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International Ophthalmology

, Volume 39, Issue 4, pp 803–812 | Cite as

Long-term evaluation of ocular hypertension with primary angle closure and primary open angles

  • Ramanjit Sihota
  • Harathy SelvanEmail author
  • Ajay Sharma
  • Amisha Gupta
  • Viney Gupta
  • Tanuj Dada
  • Ashish Datt Upadhyay
Original Paper
  • 101 Downloads

Abstract

Purpose

To evaluate the long-term course of primary angle-closure ocular hypertension and primary open-angle ocular hypertension and possible risk factors for progression to glaucoma.

Methods

A total of 109 eyes of 109 ocular hypertension (OHT) patients with a minimum follow-up period of 5 years having complete ocular/medical records were evaluated. They were classified into primary angle closure or primary open angle based on gonioscopy at baseline. Baseline and review data of Humphrey field analyser, HFA, and Heidelberg retinal tomography, HRT, were recorded. Guided progression analysis (GPA) and univariate Cox regression were used for time to event analysis in identifying progression to glaucoma.

Results

Over a mean follow-up of 12.18 ± 4.8 years, progression to glaucoma was 17.43% (19 eyes), out of whom 5.5% (6 eyes) showed ≥ 3 loci on GPA. Sub-classifying them, progression to primary angle-closure glaucoma was 19.72%, and that of primary open-angle glaucoma was 13.16%. The mean time to progression was 9.34 ± 3.6 years. Significant risk factors included small disc area (≤ 1.99 sq.mm on HRT), requirement of ≥ 2 drugs to maintain target IOP and those engaged in activities yielding a Valsalva effect in daily life. Coronary artery disease (CAD) and systemic use of steroids were associated with increased severity.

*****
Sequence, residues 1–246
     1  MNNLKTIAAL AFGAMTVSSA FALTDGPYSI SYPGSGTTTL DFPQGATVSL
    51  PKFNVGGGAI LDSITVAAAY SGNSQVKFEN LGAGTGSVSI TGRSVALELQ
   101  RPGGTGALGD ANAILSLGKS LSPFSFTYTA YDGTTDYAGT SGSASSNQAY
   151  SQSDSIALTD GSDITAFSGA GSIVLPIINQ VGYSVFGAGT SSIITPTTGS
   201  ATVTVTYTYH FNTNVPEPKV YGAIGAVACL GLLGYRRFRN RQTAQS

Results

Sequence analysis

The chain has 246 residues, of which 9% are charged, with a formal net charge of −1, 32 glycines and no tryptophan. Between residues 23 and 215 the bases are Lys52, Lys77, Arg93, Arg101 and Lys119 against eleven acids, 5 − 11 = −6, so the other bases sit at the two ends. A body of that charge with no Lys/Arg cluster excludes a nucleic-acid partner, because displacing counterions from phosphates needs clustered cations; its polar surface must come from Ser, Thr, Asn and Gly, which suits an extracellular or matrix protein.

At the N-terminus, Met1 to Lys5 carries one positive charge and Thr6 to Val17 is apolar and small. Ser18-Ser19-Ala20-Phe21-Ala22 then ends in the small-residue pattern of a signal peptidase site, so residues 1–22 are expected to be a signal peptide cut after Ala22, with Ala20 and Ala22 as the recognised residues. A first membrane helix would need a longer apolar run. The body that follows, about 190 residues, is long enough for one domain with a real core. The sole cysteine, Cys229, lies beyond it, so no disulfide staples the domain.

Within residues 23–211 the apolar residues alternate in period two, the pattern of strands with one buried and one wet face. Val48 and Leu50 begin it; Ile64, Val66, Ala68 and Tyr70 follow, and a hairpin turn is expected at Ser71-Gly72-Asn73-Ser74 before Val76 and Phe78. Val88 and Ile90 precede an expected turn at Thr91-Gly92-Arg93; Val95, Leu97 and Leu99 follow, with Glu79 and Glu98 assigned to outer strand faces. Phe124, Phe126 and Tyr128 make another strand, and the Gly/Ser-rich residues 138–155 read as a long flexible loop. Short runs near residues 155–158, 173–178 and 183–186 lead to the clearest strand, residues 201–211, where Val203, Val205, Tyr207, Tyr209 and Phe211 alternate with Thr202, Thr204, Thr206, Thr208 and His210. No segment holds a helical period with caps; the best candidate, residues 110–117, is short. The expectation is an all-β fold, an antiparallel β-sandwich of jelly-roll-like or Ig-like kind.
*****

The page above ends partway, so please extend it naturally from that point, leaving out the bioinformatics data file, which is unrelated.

Conclusion

Overall progression of OHT to glaucoma was 17.43% over a mean of 9 years, with target IOP of ≤ 18 mm Hg. Patients with smaller discs, CAD, exercising Valsalva type activities and using ≥ 2 glaucoma medications or systemic steroids should be closely monitored.

Keywords

Ocular hypertension Primary angle closure Progression Smaller discs Number of medications 

Notes

Compliance with ethical standards

Conflicts of interest

The authors declare that they have no conflict of interest.

Human and animal rights

The procedures performed in this report involving human subject were in accordance with the ethical standards of the institutional research committee and with the 1964 Helsinki Declaration and its later amendments.

Informed consent

Informed consent was obtained from all the participants of this study.

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Copyright information

© Springer Science+Business Media B.V., part of Springer Nature 2018

Authors and Affiliations

  1. 1.Glaucoma ServicesDr. Rajendra Prasad Centre for Ophthalmic Sciences, All India Institute of Medical SciencesNew DelhiIndia
  2. 2.Department of BiostatisticsAll India Institute of Medical SciencesNew DelhiIndia

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